The Situation before the 2020 Election

Formerly being part of the Soviet Union, Belarus became independent in 1991. The country struggled to develop its own national identity as it was known to be amongst the most “Russified” countries within the USSR. The Belarusian population held strong appreciation towards the Soviet Union as has been shown through several surveys showing that e.g. in 1991, 69% of Belarusians identified themselves with the Soviet Union or in 1999 that only 36.7% spoke the Belarusian language (Jachovič, 2019). Yet, despite these high levels of approval towards the former USSR values, nationalist discourse emerged in the country claiming that the Soviet Union had destroyed the Belarusian population and consciousness. This, however, did not meet a lot of support as the proposed changes such as the reintroduction of the Belarusian language were implemented to promptly (Astapova, 2017; Bugrova, 1998).

When Belarus held its first democratic elections in 1994, Alexander Lukashenko appeared in the political arena for the first time and was welcomed with support from the population as he promised stability and to uphold many of the old Soviet values. He won the first presidential election with 80.1 per cent (Astapova, 2017). By keeping the promises he had made, Lukashenko managed to increase his popularity within the population. Following this wave of approval, the president held a successful referendum allowing him to start his 5-year term count anew. In 1999, opposition members voiced their disagreement and declared his presidential term was now over. The major candidate, however, was soon imprisoned, and the oppositional protest shut down violently (Astapova, 2017).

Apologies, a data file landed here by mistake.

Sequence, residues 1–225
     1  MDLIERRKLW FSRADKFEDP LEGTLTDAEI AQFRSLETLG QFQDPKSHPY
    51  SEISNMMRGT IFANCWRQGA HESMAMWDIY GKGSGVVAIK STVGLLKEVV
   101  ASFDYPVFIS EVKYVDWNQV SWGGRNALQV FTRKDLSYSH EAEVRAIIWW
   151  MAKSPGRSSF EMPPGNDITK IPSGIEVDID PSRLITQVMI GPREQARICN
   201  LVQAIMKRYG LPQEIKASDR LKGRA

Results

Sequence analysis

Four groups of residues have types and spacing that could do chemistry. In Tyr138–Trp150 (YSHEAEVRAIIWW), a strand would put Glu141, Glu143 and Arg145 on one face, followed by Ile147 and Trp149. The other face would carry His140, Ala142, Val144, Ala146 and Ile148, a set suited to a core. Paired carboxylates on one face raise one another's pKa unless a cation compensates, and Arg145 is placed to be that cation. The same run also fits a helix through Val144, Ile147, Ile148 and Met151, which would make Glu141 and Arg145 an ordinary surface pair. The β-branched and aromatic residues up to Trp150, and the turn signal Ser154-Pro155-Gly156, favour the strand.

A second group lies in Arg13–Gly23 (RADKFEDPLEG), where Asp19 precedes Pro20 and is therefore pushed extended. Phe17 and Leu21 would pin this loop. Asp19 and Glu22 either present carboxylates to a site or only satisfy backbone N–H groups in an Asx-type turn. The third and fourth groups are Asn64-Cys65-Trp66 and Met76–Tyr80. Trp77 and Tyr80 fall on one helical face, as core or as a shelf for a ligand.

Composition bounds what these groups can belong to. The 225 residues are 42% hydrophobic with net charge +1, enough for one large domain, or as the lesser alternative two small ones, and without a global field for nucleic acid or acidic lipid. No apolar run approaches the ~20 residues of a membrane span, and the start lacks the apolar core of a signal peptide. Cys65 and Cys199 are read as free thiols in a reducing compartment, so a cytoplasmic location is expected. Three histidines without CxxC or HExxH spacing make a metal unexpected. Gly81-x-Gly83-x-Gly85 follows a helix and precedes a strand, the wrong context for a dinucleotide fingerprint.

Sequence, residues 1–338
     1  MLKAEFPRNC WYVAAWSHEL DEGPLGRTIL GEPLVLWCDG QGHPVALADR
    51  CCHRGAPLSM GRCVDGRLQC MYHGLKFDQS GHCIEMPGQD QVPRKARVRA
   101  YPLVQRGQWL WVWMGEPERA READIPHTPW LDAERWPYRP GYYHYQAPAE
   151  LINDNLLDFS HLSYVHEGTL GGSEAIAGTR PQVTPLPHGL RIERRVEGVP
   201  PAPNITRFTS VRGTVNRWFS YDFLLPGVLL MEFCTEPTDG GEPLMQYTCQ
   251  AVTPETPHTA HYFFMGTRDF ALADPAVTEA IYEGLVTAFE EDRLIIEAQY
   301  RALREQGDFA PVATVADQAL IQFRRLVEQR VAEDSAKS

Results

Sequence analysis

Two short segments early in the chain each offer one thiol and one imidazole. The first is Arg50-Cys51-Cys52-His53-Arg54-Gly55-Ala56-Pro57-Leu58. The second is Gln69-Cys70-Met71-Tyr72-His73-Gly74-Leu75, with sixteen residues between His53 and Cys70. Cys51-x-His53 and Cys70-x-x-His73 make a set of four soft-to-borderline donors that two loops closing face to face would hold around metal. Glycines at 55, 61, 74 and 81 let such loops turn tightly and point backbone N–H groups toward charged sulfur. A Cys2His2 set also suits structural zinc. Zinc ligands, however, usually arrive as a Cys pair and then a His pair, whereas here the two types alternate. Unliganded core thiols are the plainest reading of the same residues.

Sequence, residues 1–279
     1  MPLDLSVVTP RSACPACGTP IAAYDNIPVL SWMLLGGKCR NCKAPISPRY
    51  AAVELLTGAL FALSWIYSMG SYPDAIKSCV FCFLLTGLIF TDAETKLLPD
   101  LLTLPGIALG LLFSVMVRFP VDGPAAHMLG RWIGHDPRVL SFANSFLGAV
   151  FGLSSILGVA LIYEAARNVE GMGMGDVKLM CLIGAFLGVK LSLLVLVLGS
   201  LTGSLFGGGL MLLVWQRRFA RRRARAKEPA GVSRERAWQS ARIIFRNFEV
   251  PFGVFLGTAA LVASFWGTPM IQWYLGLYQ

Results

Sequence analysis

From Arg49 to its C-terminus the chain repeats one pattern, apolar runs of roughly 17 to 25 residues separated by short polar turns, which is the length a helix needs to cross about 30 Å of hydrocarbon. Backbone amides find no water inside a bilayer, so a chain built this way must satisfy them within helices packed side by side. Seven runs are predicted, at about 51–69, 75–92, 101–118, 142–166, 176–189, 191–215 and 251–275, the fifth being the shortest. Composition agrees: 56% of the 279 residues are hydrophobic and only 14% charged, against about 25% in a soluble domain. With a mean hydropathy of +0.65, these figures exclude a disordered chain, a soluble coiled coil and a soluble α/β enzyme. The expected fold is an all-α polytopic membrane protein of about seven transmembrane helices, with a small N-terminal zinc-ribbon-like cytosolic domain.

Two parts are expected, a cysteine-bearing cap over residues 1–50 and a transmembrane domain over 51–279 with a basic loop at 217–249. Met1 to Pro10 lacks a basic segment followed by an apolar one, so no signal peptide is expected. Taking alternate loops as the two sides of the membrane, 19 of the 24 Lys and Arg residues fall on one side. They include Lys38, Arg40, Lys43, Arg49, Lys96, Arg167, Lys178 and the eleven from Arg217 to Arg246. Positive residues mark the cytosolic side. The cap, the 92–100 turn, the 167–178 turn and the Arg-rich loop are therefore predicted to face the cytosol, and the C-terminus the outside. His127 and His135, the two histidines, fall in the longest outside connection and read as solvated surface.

At the next election in 2001, Lukashenko claimed to have won again, this election, however, was declared as undemocratic and unfair by European supervisors. According to the Belarusian constitution, Lukashenko would have to step down as president after ending this term. In 2004, however, he held another referendum that granted him participation in an unlimited number of new elections. Lukashenko used this and claimed a win for the next three elections in 2006, 2010 and 2015. All of these past elections have been accompanied by accusations of electoral fraud and protests which have been violently suppressed (Astapova, 2017).

The main issue with the missing success of these past oppositional movements is the fact that they were facing pressure from both the state and from civil society. The state did not recognize them as agents capable of participating in the decision-making process. The rest of society did not recognize them because in an authoritarian regime the majority of people often do not intend to protest against authoritarianism. They perceive the social order as legitimate and the struggle against authoritarianism as illegitimate (Lavrinenko, 2015). Social movements were considered to only reflect the values and ideas of a small parallel civil society in Belarus.